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Am Nat. 2009 Jul;174 Suppl 1:S54-70. doi: 10.1086/599082.

Spatial heterogeneity and the evolution of sex in diploids.

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  • 1Department of Ecology and Evolutionary Biology, University of Toronto, Toronto, Ontario, Canada.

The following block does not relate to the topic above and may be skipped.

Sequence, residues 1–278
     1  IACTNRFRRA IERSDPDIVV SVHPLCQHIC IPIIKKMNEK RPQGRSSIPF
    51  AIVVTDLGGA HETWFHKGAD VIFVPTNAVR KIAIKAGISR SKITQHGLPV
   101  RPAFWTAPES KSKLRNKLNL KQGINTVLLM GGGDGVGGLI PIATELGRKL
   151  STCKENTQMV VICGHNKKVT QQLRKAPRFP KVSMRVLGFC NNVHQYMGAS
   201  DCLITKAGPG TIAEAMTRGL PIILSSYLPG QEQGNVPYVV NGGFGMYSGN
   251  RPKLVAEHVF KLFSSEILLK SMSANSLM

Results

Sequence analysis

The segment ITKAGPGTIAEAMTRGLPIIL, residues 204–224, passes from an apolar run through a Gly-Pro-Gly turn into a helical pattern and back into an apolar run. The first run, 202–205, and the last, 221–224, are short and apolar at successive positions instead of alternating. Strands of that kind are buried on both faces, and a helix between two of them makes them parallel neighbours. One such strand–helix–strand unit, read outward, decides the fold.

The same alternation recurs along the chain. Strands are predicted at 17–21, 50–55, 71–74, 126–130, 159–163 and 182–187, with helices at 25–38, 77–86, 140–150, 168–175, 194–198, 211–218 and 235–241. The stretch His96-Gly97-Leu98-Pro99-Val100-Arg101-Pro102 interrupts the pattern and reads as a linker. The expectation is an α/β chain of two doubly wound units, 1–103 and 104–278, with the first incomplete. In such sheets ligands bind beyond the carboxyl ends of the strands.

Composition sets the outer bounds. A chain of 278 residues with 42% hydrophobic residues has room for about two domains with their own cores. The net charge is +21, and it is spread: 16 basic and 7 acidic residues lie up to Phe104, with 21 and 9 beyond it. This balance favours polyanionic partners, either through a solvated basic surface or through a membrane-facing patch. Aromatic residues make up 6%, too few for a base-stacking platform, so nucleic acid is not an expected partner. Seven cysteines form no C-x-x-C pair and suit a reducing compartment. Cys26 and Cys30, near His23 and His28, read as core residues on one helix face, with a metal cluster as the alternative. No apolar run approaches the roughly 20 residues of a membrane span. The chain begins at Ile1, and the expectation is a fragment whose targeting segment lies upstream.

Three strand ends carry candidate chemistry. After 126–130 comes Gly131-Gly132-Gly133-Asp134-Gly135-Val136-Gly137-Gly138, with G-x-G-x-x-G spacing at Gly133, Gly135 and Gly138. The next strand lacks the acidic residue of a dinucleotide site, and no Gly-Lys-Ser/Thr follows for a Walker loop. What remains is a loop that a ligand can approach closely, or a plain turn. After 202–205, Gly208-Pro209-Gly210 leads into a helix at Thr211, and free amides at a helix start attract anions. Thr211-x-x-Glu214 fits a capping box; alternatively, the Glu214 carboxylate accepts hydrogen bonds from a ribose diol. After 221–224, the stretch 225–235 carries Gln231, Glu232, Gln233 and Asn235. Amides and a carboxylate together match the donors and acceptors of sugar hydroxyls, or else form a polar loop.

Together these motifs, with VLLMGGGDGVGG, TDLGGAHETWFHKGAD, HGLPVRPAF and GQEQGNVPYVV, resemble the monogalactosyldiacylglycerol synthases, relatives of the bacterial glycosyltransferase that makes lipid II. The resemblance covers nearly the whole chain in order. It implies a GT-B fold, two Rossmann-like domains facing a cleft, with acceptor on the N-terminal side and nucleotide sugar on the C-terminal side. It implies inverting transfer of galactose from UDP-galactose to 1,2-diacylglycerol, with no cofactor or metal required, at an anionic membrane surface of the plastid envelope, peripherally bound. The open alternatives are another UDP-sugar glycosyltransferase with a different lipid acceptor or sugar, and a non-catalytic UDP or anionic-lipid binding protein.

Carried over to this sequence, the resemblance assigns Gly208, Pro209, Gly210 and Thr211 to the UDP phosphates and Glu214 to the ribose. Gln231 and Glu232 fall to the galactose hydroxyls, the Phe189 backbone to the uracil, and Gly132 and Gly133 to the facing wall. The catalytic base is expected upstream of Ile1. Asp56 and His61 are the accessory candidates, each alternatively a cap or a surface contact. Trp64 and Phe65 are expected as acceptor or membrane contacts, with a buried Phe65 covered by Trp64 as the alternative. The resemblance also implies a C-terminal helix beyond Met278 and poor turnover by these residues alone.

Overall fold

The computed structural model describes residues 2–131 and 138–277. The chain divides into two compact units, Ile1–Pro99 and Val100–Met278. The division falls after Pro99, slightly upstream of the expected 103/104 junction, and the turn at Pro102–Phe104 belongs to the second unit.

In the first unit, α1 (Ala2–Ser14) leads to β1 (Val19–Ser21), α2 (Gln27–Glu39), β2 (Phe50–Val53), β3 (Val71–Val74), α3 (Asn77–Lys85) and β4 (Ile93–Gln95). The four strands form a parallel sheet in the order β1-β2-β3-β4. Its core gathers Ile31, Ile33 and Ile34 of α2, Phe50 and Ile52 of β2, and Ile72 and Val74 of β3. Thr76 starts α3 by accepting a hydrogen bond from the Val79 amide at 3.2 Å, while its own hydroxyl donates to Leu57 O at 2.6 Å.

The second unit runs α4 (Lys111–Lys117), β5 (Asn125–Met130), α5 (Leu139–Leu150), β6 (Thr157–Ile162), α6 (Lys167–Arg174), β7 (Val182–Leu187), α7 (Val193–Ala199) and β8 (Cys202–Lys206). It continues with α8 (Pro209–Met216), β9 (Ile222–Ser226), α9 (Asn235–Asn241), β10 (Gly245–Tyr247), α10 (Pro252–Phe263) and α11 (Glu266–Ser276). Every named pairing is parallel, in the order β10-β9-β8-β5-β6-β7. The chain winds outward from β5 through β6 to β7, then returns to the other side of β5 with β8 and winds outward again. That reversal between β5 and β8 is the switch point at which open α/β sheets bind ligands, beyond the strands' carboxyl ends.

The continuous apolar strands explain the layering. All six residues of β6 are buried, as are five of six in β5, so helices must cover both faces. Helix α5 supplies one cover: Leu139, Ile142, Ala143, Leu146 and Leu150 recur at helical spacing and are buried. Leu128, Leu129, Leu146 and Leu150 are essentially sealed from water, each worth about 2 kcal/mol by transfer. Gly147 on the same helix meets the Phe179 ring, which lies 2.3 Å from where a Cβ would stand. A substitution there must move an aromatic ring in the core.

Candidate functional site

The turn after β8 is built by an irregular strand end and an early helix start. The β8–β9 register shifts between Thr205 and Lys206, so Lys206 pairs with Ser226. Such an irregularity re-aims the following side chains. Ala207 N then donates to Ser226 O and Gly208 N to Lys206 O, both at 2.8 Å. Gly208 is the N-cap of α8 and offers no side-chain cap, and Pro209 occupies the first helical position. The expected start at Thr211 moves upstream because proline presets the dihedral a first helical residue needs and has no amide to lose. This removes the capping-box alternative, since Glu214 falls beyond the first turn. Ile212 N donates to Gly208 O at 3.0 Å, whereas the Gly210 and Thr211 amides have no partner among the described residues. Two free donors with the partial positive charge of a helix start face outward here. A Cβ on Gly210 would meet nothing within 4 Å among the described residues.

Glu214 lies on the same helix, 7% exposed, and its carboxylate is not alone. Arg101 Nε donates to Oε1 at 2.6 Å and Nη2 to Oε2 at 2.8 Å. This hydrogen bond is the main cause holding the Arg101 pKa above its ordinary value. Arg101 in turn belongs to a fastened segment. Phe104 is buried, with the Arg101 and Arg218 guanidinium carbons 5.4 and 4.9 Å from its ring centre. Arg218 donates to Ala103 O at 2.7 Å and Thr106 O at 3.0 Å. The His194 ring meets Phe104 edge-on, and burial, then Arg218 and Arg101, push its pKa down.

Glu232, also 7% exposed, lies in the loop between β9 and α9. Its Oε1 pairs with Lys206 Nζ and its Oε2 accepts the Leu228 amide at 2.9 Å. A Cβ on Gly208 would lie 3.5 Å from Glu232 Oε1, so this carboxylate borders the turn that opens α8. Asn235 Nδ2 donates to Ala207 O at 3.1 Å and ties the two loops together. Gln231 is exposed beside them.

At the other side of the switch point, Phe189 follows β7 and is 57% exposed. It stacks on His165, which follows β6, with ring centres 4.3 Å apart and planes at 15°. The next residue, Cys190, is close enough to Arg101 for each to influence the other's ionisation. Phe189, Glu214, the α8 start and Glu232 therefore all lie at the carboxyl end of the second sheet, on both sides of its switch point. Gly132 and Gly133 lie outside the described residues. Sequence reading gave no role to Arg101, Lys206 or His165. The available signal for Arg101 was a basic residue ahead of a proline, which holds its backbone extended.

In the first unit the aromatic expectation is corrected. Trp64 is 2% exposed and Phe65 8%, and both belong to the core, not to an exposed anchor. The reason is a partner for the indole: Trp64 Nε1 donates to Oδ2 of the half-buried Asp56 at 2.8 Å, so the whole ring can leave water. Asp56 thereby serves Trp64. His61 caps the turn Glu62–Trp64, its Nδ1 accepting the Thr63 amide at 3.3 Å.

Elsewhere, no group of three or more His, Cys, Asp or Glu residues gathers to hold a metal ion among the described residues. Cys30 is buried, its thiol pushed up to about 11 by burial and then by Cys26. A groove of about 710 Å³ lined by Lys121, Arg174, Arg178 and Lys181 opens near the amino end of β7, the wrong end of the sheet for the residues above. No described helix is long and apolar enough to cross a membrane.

Much of the theoretical work on the evolution of sex has focused on the effects of recombination. In diploids, segregation also occurs during sexual reproduction. Segregation breaks down some types of genetic associations that are not affected by recombination and thus influences the evolution of sex in ways that are not apparent from studying the evolution of recombination as a surrogate for sex. Here I examine the evolution of sex in diploids experiencing spatially heterogeneous selection. If divergent selection causes genetic differentiation, then migration can be a powerful force generating genetic associations that may not be favored by selection. An advantage to sex can arise from breaking down these associations. By examining modifiers of both sex and recombination, the model allows for a direct comparison of the forces acting on these related but different processes, illuminating the role of segregation. The model also includes inbreeding, which has been shown to be important for both segregation and recombination. I find that inbreeding affects the evolution of sex through segregation, not recombination. Several suggestions for empirical experiments are given.

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